The rail industry has confirmed it will mark the bicentenary of the Stockton & Darlington Railway, and the far-reaching impacts of all railways and train travel, with a year-long programme called Railway 200. Developed by a cross industry partnership, with a focus on inspiring the next generation, Railway 200 will be a national public engagement programme starting in January 2025. A wide variety of activities, initiatives and partnerships are being considered, including commemorative products. This will enable Railway 200 to celebrate rail’s remarkable past, recognise its importance today, and look forward to its future. Further information can be found at

Railway 200 has also partnered with Stockton & Darlington Bicentenary Festival (S&DR200) who are delivering a nine-month international festival developed right in the heart of where the first journey took place. Stockton on Tees, Darlington & Durham County Councils are planning some never to be forgotten moments that should help to excite people in the local area and beyond. Further information on local celebrations can be found at www.s&


For more information please contact:

Simon Baylis, PR & Press Manager, 01904 686 299,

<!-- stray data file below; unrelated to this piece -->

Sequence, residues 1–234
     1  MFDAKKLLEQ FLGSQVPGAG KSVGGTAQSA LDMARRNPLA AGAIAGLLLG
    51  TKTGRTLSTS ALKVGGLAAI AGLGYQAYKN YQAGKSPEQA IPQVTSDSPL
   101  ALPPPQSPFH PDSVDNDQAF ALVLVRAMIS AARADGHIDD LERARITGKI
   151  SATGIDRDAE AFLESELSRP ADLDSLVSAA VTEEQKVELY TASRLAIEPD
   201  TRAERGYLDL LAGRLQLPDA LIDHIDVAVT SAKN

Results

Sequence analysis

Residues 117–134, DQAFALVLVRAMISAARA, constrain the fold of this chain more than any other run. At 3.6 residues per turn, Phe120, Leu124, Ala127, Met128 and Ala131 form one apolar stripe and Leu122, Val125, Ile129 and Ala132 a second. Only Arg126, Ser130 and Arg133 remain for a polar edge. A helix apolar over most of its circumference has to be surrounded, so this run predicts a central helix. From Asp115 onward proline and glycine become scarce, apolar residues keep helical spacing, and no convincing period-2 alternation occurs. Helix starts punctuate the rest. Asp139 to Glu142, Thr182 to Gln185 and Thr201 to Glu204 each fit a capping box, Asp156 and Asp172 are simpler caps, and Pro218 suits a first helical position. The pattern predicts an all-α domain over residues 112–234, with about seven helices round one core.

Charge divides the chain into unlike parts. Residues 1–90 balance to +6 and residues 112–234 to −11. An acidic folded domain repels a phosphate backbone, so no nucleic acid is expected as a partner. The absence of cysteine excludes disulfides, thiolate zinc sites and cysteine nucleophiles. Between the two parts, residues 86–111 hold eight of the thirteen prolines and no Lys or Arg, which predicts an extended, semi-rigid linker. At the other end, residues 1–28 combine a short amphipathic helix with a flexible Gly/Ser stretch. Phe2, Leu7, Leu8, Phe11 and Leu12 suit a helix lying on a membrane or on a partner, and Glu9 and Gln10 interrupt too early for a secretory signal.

Brittany Noppe, Senior Press Officer, 01274 203356,


  • The report’s full title is: ‘LOCOMOTION No.1 - an assessment of its history and modifications through archaeological and archival study.’
  • The results of the investigation will be shared at an invite-only event at Locomotion in Shildon on 27 September 2023
  • The authors and the Science Museum Group would like to thank the many curatorial and library staff and volunteers who were involved in providing material and assistance
  • LOCOMOTION will appear in a future video on our YouTube channel
  • LOCOMOTION is currently on display at Locomotion in Shildon. Following an agreement with Darlington Borough Council, the locomotive will be displayed for six months in Darlington’s Head of Steam museum in the first half of 2025 – the bicentenary of the Stockton and Darlington Railway. There will also be the opportunity for Head of Steam to request two further six-month loan periods between 2026 and 2030.

About Locomotion museum in Shildon

  • Locomotion offers visitors the chance to see highlights of the national collection of railway vehicles in Shildon – the world’s first railway town
  • Locomotion forms part of the Science Museum Group, along with the Science Museum in London, the Science and Industry Museum in Manchester, the National Science and Media Museum in Bradford and the National Railway Museum in York
  • Locomotion is a partnership between the Science Museum Group and Durham County Council, which is a major funder of the museum
  • The museum will host Flying Scotsman this year to celebrate the world-famous locomotive’s 100th birthday. Locomotion’s Centenary Festival will take place at Locomotion from 16 December – 2 January.
  • New Hall at Locomotion is scheduled to open in 2024 and will feature 50 rail vehicles from the national collection. Admission to Locomotion is free – visit